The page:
Type I interferons carry out their function in all the tissues of an organism. Mordstein was able to show in several experiments that interferon lambda only played a role in epithelial tissue, which is found for example in the gastrointestinal tract, the lungs or the skin. Epithelial tissues are the first tissues to come into contact with a pathogen. The researcher found that interferon lambda provided extra protection when used with the type I interferons. The finding that this molecule is highly tissue-specific is currently of particular interest. A variety of human clinical studies are currently being carried out to test the use of interferon lambda as an alternative to type I interferons for the treatment of hepatitis C virus infections. “Although we have been able to show that interferon lambda does not play a role in the mouse liver because it has no interferon lambda receptors, we have also found that these results cannot be directly transferred to humans.” The researchers are now hoping to come up with results that show that interferon lambda is as effective as type I interferons in combating hepatitis C viruses and that it is associated with fewer side effects due to its high tissue specificity.

Is interferon lambda more important than its relatives – at least in certain cases?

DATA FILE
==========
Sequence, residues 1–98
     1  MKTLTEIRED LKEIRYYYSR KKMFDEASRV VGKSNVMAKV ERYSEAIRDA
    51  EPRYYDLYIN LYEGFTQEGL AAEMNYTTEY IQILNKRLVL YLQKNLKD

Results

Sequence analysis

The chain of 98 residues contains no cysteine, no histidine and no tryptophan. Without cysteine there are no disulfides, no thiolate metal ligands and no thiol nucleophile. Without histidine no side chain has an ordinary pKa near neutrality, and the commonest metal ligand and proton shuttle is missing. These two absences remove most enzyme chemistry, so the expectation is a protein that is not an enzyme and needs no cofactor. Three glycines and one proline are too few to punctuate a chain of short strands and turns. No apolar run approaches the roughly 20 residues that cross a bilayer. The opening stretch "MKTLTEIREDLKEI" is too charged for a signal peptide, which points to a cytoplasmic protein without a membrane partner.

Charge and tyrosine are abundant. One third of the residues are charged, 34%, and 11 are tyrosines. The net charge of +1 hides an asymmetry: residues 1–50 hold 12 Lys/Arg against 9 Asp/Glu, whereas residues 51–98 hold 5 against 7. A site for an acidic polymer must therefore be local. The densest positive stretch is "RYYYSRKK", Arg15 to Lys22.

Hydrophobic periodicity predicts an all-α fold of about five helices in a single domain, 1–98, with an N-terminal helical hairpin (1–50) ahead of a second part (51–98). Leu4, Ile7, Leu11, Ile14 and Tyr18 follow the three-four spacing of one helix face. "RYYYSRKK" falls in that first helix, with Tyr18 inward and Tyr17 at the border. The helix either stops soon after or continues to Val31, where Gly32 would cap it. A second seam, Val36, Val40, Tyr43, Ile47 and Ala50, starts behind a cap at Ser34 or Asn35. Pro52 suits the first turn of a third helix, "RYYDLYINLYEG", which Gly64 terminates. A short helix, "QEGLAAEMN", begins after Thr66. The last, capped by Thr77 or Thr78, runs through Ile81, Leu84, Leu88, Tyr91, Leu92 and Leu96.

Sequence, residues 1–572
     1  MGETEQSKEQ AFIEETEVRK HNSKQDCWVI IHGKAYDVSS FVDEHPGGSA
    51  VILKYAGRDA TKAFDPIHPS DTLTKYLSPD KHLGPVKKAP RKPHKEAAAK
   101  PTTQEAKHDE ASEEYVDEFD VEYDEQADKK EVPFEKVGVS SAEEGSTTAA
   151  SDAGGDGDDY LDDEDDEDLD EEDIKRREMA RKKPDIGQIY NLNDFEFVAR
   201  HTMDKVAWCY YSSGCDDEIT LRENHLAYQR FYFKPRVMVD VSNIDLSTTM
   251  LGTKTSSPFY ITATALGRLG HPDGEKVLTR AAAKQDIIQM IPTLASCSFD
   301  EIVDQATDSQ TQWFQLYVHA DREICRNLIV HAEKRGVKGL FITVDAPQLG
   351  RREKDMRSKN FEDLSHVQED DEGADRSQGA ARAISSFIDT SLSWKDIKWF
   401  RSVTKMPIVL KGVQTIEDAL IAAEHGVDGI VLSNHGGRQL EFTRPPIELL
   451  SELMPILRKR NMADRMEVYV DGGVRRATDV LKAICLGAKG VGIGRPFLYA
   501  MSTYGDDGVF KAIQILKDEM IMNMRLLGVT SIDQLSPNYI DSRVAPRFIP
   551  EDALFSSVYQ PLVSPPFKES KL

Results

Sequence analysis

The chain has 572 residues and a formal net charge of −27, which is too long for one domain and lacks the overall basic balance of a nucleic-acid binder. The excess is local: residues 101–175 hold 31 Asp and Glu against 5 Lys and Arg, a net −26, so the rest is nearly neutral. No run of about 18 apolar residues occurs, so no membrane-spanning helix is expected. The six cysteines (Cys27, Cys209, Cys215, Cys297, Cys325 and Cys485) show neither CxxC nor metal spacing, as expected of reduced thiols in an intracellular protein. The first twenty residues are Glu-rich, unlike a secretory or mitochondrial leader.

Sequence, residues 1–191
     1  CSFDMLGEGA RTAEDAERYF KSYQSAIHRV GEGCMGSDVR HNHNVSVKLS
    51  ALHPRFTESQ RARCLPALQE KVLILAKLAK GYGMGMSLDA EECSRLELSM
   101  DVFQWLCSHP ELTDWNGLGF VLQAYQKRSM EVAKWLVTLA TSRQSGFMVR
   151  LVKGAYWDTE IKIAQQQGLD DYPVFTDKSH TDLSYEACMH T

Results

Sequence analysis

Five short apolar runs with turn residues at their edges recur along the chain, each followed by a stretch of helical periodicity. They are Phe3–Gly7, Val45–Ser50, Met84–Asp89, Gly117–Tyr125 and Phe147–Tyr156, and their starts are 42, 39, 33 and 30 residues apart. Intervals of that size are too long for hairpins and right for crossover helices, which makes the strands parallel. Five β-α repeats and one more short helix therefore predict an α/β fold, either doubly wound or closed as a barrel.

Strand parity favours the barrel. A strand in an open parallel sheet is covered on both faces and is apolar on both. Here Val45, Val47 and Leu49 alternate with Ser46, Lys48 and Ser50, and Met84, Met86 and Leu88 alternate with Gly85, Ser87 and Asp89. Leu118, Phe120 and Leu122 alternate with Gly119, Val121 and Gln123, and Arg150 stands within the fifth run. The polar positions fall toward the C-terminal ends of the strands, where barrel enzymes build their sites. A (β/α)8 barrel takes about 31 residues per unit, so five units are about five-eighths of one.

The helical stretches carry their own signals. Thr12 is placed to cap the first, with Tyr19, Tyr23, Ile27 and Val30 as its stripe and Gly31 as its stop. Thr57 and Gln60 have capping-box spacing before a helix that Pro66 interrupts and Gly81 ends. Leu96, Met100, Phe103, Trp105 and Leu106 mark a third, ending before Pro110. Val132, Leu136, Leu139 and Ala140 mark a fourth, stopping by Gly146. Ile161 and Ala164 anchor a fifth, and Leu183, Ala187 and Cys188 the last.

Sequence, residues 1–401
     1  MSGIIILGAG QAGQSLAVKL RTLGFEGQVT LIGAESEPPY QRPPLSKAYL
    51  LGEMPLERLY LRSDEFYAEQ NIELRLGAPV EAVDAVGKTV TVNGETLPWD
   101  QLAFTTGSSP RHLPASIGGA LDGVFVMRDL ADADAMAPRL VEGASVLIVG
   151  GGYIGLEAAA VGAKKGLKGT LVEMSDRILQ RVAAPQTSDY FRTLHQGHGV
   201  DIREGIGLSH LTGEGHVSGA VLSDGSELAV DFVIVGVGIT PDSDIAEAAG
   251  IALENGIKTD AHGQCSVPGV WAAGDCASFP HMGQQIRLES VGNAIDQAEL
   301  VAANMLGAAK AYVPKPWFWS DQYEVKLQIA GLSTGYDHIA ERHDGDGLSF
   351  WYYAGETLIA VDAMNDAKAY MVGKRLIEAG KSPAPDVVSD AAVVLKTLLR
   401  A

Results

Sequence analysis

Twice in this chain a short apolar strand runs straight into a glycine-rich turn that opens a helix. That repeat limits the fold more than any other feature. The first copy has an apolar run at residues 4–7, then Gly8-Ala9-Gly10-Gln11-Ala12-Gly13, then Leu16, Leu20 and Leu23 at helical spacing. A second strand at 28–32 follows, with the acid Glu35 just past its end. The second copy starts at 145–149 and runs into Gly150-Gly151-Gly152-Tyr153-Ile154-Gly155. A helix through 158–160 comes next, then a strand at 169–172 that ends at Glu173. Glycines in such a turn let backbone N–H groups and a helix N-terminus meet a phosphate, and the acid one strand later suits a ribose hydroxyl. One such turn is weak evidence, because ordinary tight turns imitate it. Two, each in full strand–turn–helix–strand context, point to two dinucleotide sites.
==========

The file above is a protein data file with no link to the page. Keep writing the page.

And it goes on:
The researchers have found out that interferon lambda plays a particular role in the gastrointestinal tract. Mordstein and his colleagues investigated whether the molecules mediate defence reactions in people suffering from rotavirus infections. Rotavirus is the most common cause of severe diarrhoea among children in developing countries. The results have shown that type I interferons play hardly any role at all in destroying the rotaviruses, but in contrast the same results revealed that interferon lambda renders the epithelial cells of the gastrointestinal tract resistant to viral infections. If the receptor of the signalling molecule is defective, the strength of the infection increases dramatically. “In summary, we can say that interferon lambda has a complementary effect to the interferon type I system,” said Mordstein. “However, when certain viruses intrude the gastrointestinal tract, interferon lambda seems to play a more important role than its type I relatives.”

While he was doing his doctoral thesis, Mordstein became a real specialist in the field of interferon lambda research, which until that point had been seen as a rather exotic field of research. The PhD student has since been invited to present his findings at renowned conferences and he also acts as a reviewer for journals that publish articles on this issue. In December 2010, he was awarded the SGBM’s newly established Gluecksohn-Waelsch Award for his achievements. Despite all this success and also the many post-doctoral positions he has been offered, Mordstein does not want to continue university research. “I think there is a lot of insecurity in university work, especially as far as permanent positions are concerned,” said Mordstein who therefore decided to accept a position in the microbiology department at Novartis Pharma in Switzerland.

Further information:

Markus Mordstein, Ph.D.
Friedhofstr. 59
D - 79106 Freiburg
Telephone: +49-(0)151/26372769
E-mail: Markus(at)Mordstein.com

Website address: https://www.gesundheitsindustrie-bw.de/en/article/news/a-molecule-that-enables-local-virus-defence